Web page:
State courts[edit]

Many U.S. states have state courts called "circuit courts." Most are trial courts of general, original jurisdiction.

In Louisiana, the intermediate appellate courts are called the Louisiana Circuit Courts of Appeal. There are five separate judicial circuits.

In many states, such as Missouri, a judicial circuit can encompass one or more counties (see Missouri Circuit Courts). Each circuit court can have several divisions, including circuit, associate, small claims, probate, family, or drug court. Each division hears cases within its particular area of subject-matter jurisdiction, and jurisdiction is based on the size or type of a civil claim or the severity or type of a criminal charge. Drug court, for example, hears only drug-related criminal cases.

Several U.S. states have state supreme courts that traditionally "ride the circuit" in the sense of hearing oral arguments at multiple locations throughout their jurisdictions each year. Among the states with circuit-riding supreme courts are Alaska, California, Idaho, Oregon, Pennsylvania, Tennessee, and Washington.

Canada[edit]

Courts serving certain areas particularly in Northern Canada, such as the Nunavut Court of Justice and courts serving northern Quebec, travel as circuit courts to hear cases in remote communities.

Australia[edit]

Courts serving remote areas in the Northern Territory are known as circuit courts, sometimes referred to as "bush courts".[10]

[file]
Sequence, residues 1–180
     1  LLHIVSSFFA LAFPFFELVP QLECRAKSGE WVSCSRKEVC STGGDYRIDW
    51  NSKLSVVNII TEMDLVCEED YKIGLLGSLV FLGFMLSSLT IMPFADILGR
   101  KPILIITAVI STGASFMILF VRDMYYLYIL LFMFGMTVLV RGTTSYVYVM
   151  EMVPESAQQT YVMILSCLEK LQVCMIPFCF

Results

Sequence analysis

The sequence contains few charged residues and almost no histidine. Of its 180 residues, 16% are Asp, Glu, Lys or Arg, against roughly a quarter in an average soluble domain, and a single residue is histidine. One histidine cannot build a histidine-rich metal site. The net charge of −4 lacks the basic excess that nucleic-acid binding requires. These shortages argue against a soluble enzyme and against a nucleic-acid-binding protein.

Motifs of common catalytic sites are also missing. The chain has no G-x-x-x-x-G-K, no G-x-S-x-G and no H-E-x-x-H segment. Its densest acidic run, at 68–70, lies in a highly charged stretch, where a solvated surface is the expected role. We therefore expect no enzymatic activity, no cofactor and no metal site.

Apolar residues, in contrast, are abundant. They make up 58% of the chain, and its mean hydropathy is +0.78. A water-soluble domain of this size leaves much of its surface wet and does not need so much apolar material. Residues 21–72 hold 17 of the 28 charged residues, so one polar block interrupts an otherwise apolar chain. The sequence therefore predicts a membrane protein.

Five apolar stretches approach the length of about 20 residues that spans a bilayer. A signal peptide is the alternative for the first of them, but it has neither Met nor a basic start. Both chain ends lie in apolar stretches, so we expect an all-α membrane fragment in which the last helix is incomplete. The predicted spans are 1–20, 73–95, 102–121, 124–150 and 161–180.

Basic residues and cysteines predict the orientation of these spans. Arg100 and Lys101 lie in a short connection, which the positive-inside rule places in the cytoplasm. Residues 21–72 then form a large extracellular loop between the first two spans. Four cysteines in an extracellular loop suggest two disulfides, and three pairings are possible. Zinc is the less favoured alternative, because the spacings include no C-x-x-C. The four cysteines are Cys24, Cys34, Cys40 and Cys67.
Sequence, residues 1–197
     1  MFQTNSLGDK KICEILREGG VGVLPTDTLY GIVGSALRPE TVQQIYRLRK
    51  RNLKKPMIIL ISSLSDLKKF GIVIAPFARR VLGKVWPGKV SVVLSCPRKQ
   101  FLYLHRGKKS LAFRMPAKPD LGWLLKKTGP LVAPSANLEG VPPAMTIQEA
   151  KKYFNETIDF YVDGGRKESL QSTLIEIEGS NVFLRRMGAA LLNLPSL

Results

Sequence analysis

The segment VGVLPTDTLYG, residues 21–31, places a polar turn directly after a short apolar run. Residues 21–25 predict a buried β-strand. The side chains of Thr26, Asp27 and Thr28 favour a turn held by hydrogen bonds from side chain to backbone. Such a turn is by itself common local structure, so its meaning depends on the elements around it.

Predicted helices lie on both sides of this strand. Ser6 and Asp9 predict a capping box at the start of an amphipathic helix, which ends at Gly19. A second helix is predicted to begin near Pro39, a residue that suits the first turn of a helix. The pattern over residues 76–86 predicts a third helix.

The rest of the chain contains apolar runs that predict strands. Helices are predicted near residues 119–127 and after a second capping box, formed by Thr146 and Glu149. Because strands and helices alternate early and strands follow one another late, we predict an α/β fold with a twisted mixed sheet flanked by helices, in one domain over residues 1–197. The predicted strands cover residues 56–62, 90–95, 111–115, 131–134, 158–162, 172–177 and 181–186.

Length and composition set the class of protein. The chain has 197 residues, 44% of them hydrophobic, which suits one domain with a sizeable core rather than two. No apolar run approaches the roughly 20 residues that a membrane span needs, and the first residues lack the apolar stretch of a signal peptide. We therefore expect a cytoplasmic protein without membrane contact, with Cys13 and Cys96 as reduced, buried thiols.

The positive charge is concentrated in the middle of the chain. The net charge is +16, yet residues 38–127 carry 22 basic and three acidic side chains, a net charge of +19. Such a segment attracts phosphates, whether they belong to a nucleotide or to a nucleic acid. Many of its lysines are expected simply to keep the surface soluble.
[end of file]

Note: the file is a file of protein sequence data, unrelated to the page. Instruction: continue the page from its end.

See also[edit]

References[edit]

  1. ^ Chisholm, Hugh, ed. (1911). "Circuit" . Encyclopædia Britannica. Vol. 6 (11th ed.). Cambridge University Press. pp. 387–389.
  2. ^ a b Cockburn, J.S. (1972). A History of English Assizes, 1558-1714. Cambridge: Cambridge University Press. p. 16. ISBN 9780521084499.
  3. ^ Cockburn, J.S. (1972). A History of English Assizes, 1558-1714. Cambridge: Cambridge University Press. p. 17. ISBN 9780521084499.
  4. ^ Cockburn, J.S. (1972). A History of English Assizes, 1558-1714. Cambridge: Cambridge University Press. p. 18. ISBN 9780521084499.
  5. ^ a b Cockburn, J.S. (1972). A History of English Assizes, 1558-1714. Cambridge: Cambridge University Press. p. 19. ISBN 9780521084499.
  6. ^ a b c d Cockburn, J.S. (1972). A History of English Assizes, 1558-1714. Cambridge: Cambridge University Press. p. 19. ISBN 9780521084499.
  7. ^ Fraker, Guy C. (2011). Lincoln's Ladder to the Presidency: The Eighth Judicial Circuit. Carbondale: Southern Illinois University Press. pp. 1–3. ISBN 9780809332021.
  8. ^ a b Circuits Archived 2007-06-29 at the Wayback Machine by the Bar Council of England and Wales
  9. ^ "Court Website Links".
  10. ^ Bennett, Paul (2013). Specialist courts for sentencing Aboriginal offenders in Australia (PDF) (Master of Laws). Flinders University. p. xv. Retrieved 25 July 2022.